Shop  |  Calendar  |  Join  |  Buy Tickets  |  Hamnet  |  Site Rental  |  Press Room  
About UsWhat's OnUse the CollectionDiscover ShakespeareTeach & LearnFolger InstituteSupport Us
Folger Exhibitions
• Past Exhibitions
Fooles and Fricassees

   Sign up for E-news!
   Printer Friendly

Feasts & Fancies

Celebrating Christmas in England

The counterpart of the modern dessert, the banquet or sweetmeat course that followed an elaborate meal was a combination of both food and entertainment. Sweet foods were often prepared from published recipes: for example sugar paste or marmalade: and were sometimes believed to act as aphrodisiacs. Elaborate vessels made from expensive materials appeared on the banquet tables of the wealthy and enhanced the appearance of the sweets. Trenchers decorated with verses to be read aloud made the tablewares part of the banquet entertainment.


Elaborate foods and drinks played important roles in Christmas celebrations during the sixteenth and seventeenth centuries. Christmas festivities often ended with a Twelfth Night banquet on the sixth of January, and the Christmas season was the time when the yeomanry and apprentices demanded finer quality bread and ale than they ordinarily received. This tradition, called "wassailing," provided an important opportunity for the gentry to demonstrate their hospitality. As Thomas Tusser counseled his readers, "At Christmas be merye, & thankful withall/ & feast thy poore neighbors ye gret with ye small."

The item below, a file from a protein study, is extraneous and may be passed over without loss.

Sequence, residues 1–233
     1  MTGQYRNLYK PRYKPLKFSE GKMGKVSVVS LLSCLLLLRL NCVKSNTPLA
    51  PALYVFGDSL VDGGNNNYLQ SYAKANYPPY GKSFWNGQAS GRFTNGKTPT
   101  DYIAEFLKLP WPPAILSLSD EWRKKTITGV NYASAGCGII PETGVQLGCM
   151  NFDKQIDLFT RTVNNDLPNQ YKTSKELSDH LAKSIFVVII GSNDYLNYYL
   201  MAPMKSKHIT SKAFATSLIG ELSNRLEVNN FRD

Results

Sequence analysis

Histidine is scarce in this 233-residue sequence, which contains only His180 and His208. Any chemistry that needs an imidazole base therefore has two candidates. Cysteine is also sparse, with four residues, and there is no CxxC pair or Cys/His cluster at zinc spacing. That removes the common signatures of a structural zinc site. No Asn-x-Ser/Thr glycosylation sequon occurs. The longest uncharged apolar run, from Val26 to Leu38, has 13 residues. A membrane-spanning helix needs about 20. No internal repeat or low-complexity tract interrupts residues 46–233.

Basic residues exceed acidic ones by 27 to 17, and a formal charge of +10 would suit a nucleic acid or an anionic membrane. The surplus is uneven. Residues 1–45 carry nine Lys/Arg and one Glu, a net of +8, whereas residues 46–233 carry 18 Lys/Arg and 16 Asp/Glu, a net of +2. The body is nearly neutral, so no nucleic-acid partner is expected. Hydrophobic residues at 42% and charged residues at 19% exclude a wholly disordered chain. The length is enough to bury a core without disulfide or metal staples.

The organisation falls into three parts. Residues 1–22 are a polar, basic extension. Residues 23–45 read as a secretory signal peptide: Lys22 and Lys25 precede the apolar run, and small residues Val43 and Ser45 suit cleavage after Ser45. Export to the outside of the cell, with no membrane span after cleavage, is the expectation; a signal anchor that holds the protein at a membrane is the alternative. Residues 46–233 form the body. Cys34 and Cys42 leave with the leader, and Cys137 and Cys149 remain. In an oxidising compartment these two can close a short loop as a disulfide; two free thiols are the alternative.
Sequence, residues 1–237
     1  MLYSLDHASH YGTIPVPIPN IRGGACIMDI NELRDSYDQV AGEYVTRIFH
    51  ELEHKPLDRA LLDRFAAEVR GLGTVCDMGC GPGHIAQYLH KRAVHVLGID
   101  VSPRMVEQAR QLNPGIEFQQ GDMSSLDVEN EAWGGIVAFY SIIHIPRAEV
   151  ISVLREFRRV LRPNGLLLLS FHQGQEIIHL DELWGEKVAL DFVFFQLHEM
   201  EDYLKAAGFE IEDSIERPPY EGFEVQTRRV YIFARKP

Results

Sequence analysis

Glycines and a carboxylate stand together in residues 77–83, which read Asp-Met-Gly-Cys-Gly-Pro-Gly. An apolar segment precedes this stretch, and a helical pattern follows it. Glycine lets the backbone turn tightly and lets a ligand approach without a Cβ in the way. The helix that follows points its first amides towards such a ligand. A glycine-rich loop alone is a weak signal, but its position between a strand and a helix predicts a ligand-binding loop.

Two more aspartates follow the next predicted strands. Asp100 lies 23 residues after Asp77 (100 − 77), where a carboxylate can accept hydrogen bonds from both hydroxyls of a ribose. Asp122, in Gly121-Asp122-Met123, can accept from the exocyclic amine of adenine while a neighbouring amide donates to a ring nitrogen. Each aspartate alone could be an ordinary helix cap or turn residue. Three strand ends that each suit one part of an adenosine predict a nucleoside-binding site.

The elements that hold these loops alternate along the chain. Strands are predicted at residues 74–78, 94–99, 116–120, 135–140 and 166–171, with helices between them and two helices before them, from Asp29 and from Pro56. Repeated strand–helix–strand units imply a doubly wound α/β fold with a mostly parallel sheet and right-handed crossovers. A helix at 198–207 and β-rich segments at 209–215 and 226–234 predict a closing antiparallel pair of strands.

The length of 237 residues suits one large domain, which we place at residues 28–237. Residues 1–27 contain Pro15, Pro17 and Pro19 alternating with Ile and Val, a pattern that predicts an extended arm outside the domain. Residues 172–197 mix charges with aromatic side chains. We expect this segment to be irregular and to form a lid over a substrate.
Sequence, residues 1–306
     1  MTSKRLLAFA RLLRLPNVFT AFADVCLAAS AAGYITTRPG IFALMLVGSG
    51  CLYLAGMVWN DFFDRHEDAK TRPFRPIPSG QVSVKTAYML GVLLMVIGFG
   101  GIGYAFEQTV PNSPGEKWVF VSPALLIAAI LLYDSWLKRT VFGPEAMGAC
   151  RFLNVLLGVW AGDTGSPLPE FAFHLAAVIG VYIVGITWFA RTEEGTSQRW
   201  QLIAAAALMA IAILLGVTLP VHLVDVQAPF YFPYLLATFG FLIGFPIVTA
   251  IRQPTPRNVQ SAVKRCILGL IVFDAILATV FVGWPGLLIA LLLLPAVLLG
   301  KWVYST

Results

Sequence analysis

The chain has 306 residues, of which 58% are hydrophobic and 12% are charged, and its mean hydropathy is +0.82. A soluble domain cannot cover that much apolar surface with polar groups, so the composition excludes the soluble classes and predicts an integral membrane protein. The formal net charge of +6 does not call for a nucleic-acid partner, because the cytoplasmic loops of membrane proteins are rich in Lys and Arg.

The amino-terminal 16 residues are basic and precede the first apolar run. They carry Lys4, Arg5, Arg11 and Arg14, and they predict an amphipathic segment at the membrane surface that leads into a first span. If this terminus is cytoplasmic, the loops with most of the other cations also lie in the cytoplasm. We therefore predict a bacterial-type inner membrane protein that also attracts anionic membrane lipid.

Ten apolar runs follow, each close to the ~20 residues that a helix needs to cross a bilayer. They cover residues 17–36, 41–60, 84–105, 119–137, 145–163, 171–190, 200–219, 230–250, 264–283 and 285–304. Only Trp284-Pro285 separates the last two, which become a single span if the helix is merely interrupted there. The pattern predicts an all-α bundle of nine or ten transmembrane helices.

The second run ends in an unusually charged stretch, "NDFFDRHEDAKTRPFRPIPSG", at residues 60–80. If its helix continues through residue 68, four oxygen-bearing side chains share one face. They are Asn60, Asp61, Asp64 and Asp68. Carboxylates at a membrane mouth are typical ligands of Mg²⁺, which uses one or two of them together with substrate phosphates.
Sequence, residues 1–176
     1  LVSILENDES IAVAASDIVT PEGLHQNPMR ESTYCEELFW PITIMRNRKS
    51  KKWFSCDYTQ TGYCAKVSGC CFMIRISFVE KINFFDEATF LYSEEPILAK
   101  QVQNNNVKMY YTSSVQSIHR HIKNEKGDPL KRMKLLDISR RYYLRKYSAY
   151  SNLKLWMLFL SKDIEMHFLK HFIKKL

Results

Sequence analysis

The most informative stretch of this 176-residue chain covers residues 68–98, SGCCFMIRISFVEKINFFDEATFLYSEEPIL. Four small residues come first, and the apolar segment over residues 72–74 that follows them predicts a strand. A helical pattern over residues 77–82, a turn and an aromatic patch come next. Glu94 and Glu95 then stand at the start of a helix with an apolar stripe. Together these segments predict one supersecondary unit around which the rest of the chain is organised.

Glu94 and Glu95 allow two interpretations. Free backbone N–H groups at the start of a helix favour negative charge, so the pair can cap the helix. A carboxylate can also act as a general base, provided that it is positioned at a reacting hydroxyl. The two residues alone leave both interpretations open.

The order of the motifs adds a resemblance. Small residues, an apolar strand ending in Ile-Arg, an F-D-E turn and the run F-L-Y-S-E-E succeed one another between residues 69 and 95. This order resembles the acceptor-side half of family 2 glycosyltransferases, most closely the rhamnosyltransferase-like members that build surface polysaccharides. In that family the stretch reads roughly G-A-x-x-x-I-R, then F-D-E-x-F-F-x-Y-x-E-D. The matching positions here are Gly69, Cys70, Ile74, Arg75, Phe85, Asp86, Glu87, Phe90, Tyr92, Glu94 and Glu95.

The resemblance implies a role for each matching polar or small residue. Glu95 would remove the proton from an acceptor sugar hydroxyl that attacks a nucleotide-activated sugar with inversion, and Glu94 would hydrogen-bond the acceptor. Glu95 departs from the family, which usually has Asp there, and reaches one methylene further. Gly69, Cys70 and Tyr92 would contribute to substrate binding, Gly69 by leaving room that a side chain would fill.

Religious aspects of keeping Christmas changed during the seventeenth century, although many social customs like wassailing remained intact. Josiah King's book, illustrated here, mocks those who would suppress Christmas. The Puritan jury members are all mean, among them Mr. Eat-alone, Mr. Hoord-corne, and Mr. Cold-kitchin, and they are replaced by Mr. Warm-gut, Mr. Neighbour-hood, and Mr. Open-house, who acquit Father Christmas.

Josiah King. The examination and tryal of old Father Christmas. London, 1687

Bookmark and Share   
     Copyright & Policies   |   Sitemap   |   Contact Us   |   About This Site
201 East Capitol Street, SE
Washington, DC 20003
Get directions »

Federal Tax ID #04-2103542
PublicReading Room
10am to 5pm, Monday through Saturday8:45am to 4:45pm, Monday through Friday
12pm to 5pm, Sunday9am to noon and 1pm to 4:30pm, Saturday
Main: 202 544 4600
Box Office: 202 544 7077
Fax: 202 544 4623